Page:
A team of researchers has found a unique mechanism in the mouth and tongue of gigantic whales that helps them gulp huge amount of water and food, often larger than the volume of their own body. The giant whales have a distinct nerve structure, which can double in length and then recoil like a “bungee cord” while the animal feeds, the researchers said in a study, published in the journal Current Biology on Monday.
The new study is expected to help better explain how the massive whales are able to inflate an immense pocket between their body wall and the overlying layer of fat to capture prey during feeding dives. As part of the study, researchers examined “rorqual whales,” which are the largest group among baleen whales, and include blue whales and fin whales. The latest discovery was made when the researchers accidentally stretched a thick cable found in the jaw of a fin whale.
“This discovery was totally unexpected and unlike other nerve structures we’ve seen in vertebrates, which are of a more fixed length,” Wayne Vogl of the University of British Columbia (UBC) in Vancouver, and the study’s lead author, said in a statement. “The rorquals’ bulk feeding mechanism required major changes in anatomy of the tongue and mouth blubber to allow large deformation, and now we recognize that it also required major modifications in the nerves in these tissues so they could also withstand the deformation.”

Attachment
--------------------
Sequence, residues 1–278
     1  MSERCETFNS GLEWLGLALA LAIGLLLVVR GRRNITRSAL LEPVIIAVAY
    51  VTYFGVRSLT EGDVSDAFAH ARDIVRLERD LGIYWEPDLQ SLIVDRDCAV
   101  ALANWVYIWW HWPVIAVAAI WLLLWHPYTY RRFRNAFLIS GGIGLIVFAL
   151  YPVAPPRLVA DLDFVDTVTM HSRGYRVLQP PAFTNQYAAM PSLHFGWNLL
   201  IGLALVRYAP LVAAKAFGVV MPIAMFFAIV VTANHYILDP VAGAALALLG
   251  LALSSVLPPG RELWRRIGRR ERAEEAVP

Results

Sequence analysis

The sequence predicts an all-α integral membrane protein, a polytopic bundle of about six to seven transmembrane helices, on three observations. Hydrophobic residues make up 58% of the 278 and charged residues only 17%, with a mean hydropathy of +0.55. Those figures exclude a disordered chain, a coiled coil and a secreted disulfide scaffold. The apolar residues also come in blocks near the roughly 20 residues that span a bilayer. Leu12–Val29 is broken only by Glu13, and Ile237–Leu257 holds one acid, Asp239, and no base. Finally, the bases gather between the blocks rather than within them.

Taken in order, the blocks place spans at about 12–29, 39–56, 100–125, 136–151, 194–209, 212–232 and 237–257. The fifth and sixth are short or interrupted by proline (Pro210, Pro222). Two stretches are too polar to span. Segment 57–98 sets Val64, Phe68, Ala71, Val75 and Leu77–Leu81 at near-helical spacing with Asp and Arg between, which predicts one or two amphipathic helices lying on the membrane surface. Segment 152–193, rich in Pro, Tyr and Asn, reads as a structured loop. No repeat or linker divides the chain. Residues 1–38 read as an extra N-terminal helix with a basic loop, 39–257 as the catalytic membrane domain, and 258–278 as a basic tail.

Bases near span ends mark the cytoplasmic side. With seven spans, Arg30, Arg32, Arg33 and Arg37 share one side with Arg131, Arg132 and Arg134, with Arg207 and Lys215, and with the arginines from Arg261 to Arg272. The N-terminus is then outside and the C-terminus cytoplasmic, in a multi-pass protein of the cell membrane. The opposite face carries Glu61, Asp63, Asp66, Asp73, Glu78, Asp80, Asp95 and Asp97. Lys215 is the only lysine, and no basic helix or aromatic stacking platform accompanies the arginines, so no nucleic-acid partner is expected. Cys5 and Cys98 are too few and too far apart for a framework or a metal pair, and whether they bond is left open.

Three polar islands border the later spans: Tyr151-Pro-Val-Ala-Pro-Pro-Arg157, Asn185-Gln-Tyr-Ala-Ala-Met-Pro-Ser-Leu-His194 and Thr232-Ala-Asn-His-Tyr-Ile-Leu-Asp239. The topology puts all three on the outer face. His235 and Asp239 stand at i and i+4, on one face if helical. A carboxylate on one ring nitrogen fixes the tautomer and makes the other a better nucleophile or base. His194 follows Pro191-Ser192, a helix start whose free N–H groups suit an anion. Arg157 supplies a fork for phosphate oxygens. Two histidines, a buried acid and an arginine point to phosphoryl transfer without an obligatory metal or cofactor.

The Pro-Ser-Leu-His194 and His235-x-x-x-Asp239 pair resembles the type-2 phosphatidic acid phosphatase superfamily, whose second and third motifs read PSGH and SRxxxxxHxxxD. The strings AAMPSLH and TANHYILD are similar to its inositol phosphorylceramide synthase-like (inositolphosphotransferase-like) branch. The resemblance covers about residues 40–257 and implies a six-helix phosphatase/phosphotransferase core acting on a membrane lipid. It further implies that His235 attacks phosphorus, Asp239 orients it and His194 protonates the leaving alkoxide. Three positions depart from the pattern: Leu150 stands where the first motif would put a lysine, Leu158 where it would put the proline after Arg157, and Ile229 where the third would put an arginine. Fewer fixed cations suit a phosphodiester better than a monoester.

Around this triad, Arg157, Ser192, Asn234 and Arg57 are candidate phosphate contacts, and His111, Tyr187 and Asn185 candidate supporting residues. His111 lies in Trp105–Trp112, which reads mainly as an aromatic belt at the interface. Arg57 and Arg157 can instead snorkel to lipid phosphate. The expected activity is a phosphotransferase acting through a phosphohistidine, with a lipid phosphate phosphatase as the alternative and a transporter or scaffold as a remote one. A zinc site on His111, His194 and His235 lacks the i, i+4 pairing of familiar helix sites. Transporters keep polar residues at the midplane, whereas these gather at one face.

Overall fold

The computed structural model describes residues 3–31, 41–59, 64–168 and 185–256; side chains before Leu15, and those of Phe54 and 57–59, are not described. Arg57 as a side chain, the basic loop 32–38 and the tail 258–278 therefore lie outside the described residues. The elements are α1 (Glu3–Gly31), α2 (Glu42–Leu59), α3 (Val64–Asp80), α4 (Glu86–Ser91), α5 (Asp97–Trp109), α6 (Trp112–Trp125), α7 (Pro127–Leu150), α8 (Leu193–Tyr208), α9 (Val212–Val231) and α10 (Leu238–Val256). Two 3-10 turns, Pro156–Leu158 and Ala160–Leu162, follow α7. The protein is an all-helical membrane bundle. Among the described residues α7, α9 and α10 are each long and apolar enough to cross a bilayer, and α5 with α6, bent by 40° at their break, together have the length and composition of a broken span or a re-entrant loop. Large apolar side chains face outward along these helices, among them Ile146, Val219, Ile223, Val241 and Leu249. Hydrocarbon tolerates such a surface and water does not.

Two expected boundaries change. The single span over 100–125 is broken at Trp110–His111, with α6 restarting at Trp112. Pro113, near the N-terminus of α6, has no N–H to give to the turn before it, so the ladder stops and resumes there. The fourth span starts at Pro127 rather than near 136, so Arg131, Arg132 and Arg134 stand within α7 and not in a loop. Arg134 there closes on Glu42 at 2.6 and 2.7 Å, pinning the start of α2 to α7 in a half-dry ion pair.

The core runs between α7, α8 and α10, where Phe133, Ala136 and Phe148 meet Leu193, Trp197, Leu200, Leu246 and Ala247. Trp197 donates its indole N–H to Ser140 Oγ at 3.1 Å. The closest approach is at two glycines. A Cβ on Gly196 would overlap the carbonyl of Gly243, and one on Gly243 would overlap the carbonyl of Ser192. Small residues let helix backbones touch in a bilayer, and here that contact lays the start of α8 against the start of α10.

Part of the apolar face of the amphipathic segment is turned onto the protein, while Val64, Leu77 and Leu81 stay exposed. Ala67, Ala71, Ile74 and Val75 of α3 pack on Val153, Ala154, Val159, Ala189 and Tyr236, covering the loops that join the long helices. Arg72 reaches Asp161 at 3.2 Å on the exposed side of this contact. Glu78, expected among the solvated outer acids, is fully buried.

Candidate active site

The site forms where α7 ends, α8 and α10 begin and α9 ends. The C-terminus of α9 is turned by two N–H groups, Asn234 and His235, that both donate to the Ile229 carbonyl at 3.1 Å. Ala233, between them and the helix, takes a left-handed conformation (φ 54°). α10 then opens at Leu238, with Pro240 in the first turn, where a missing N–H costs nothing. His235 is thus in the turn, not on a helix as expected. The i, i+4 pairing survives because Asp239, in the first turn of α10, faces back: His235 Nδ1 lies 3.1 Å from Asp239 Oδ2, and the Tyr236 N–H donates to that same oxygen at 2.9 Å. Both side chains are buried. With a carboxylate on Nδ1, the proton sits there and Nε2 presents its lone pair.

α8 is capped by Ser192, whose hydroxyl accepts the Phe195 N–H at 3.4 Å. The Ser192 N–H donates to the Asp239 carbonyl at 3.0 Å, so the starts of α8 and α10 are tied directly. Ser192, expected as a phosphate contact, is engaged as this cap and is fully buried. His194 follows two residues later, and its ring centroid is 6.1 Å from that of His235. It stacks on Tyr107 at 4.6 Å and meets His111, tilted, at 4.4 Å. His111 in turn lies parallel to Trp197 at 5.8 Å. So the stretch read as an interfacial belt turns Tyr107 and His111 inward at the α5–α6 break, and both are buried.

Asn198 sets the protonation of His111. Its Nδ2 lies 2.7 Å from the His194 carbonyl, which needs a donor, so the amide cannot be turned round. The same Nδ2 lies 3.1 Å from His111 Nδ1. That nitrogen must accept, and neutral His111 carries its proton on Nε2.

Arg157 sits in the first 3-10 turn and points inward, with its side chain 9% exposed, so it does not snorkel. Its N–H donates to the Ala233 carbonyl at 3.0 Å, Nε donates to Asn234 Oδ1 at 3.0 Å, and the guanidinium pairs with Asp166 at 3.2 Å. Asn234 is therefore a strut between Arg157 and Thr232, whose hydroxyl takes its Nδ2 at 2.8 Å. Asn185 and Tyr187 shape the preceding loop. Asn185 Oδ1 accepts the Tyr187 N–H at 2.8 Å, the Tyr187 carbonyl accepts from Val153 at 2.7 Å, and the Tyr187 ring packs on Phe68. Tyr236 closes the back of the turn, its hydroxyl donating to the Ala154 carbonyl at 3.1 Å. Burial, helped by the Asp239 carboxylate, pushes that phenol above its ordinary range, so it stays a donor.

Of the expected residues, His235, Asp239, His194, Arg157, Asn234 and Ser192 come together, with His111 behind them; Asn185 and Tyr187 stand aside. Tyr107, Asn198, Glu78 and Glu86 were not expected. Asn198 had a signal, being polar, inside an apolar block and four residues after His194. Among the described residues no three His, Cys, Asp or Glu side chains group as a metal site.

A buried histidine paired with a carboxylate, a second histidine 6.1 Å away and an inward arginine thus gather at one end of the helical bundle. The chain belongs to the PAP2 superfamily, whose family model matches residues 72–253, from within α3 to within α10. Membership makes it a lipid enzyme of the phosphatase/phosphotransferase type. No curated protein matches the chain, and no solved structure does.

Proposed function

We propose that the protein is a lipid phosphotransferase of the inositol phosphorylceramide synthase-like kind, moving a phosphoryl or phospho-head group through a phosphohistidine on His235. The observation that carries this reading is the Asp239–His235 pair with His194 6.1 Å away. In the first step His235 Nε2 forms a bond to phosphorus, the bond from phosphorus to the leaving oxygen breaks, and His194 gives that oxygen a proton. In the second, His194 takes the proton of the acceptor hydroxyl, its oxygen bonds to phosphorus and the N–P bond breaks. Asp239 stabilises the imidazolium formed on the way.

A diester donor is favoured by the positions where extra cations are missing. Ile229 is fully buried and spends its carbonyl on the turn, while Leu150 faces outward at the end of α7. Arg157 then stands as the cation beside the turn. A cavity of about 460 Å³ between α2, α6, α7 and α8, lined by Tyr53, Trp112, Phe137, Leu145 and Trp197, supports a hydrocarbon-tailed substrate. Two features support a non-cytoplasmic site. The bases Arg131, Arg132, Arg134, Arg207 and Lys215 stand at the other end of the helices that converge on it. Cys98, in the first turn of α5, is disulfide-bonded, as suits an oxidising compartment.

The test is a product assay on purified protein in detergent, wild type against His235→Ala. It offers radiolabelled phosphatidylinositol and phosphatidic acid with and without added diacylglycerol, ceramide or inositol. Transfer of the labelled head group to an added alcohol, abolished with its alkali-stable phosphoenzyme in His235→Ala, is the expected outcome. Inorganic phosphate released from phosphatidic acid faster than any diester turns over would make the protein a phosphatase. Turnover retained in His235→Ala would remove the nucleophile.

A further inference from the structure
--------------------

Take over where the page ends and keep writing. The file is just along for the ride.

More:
During feeding dives, the whale opens its jaw until it is almost perpendicular to the rostrum, and then the highly compliant floor of the oral cavity is inflated by the incoming water. According to the researchers, multiple lunges can occur during a single dive, and the average time between lunges is only over 40 seconds.
“Our next step is to get a better understanding of how the nerve core is folded to allow its rapid unpacking and re-packing during the feeding process,” Robert Shadwick, a zoologist at UBC, said in the statement. It is unclear whether the same stretchy nerves are common among feeding mechanisms used by other animals, for example, the ballooning throats of frogs, or the long and fast tongues of chameleons.